Misconceptions of Animal Shelters

Humane Societies have a lot of uphill battles. One of those battles is fighting common

misconceptions. Shelter stigmas often cause deterrents for those looking for their new forever

family member. At Lee County Humane Society, along with our fellow shelters, we work

diligently to debunk these stigmas. Today we want to share with you some of those

misconceptions and the truth and reality behind them. Here are a few in no particular order.

If a shelter is at full capacity, dogs and cats begin being euthanized.

The truth behind this misconception is quite the opposite. We work with rescues, fosters, and

other organizations to relocate and rehome any and all animals that we do not have room for.

We have staff dedicated to working with outside rescue organizations along with volunteers and

foster families who take these “surplus” animals into their homes. These amazing people free

up space in our shelter, while socializing, engaging, reducing stress for our furry friends. Rescue organizations near and far work cohesively with providing every single opportunity for

our furry friends a chance at a long and loving life.

Adult cats and dogs can’t or won’t bond or trust humans anymore.

Most of our furry friends are longing for human companionship and human connection as soon

as you come to meet them. Their barking and cat pawing might seem aggressive or that they

may be upset , but what most of them are saying is: “Hey, look at me! I am perfect, I need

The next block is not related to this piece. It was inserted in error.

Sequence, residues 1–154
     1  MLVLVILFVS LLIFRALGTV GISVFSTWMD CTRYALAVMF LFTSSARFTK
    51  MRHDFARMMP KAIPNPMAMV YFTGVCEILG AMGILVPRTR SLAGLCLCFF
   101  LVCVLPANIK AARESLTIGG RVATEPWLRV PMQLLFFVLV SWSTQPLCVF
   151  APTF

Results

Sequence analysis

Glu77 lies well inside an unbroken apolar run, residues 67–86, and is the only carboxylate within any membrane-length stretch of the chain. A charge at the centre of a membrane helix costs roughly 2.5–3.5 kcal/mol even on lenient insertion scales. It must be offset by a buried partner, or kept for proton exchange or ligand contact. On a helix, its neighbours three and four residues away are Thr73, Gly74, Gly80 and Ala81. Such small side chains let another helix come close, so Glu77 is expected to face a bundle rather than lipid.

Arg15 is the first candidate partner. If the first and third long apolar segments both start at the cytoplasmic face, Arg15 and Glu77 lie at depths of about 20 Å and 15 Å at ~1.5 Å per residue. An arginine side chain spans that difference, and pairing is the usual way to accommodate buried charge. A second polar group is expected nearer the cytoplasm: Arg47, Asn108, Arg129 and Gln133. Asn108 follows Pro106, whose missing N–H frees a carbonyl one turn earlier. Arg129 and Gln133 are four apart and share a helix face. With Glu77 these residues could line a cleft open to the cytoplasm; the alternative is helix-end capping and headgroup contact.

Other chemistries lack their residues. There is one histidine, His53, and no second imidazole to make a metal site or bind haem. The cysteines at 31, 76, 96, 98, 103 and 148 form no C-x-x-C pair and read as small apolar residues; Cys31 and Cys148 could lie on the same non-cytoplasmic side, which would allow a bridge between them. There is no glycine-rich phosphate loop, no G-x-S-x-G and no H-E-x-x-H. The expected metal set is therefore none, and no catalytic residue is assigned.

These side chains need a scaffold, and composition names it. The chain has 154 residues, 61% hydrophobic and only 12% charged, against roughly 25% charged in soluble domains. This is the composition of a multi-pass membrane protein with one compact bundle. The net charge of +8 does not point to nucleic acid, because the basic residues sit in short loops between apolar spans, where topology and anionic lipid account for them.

some nurturing and patience but no one will love you like I will!”. Imagine when a small child is

jockeying for an adult’s attention when there is an “adult event”. Now just like kids, each of our

furry friends is different. Some will need some time to decompress in their new homes,

including their foster homes. Just like many other resources the Lee County Humane Society

will be there to support and help guide you along the way.

Animal shelters are depressing.

While we all know that the shelter is one of the last places any of our furry friends care to be,

however, here at LCHS we provide numerous enrichment activities and programs that they

jump at the opportunity to be a part of. We have playgroups which are monitored by play

monitors twice a day. Our volunteer dog walking program allows for dogs to have a “doggy day

out”, where they can have an adventure out on the town with an approved dog walker for the

entire day. How fantastic is that?! Books and Barks is a youth reading program held once a

month where our young volunteers come in and read to the animals for an hour or so. You

would be amazed at how they respond to our young readers telling them stories. Cat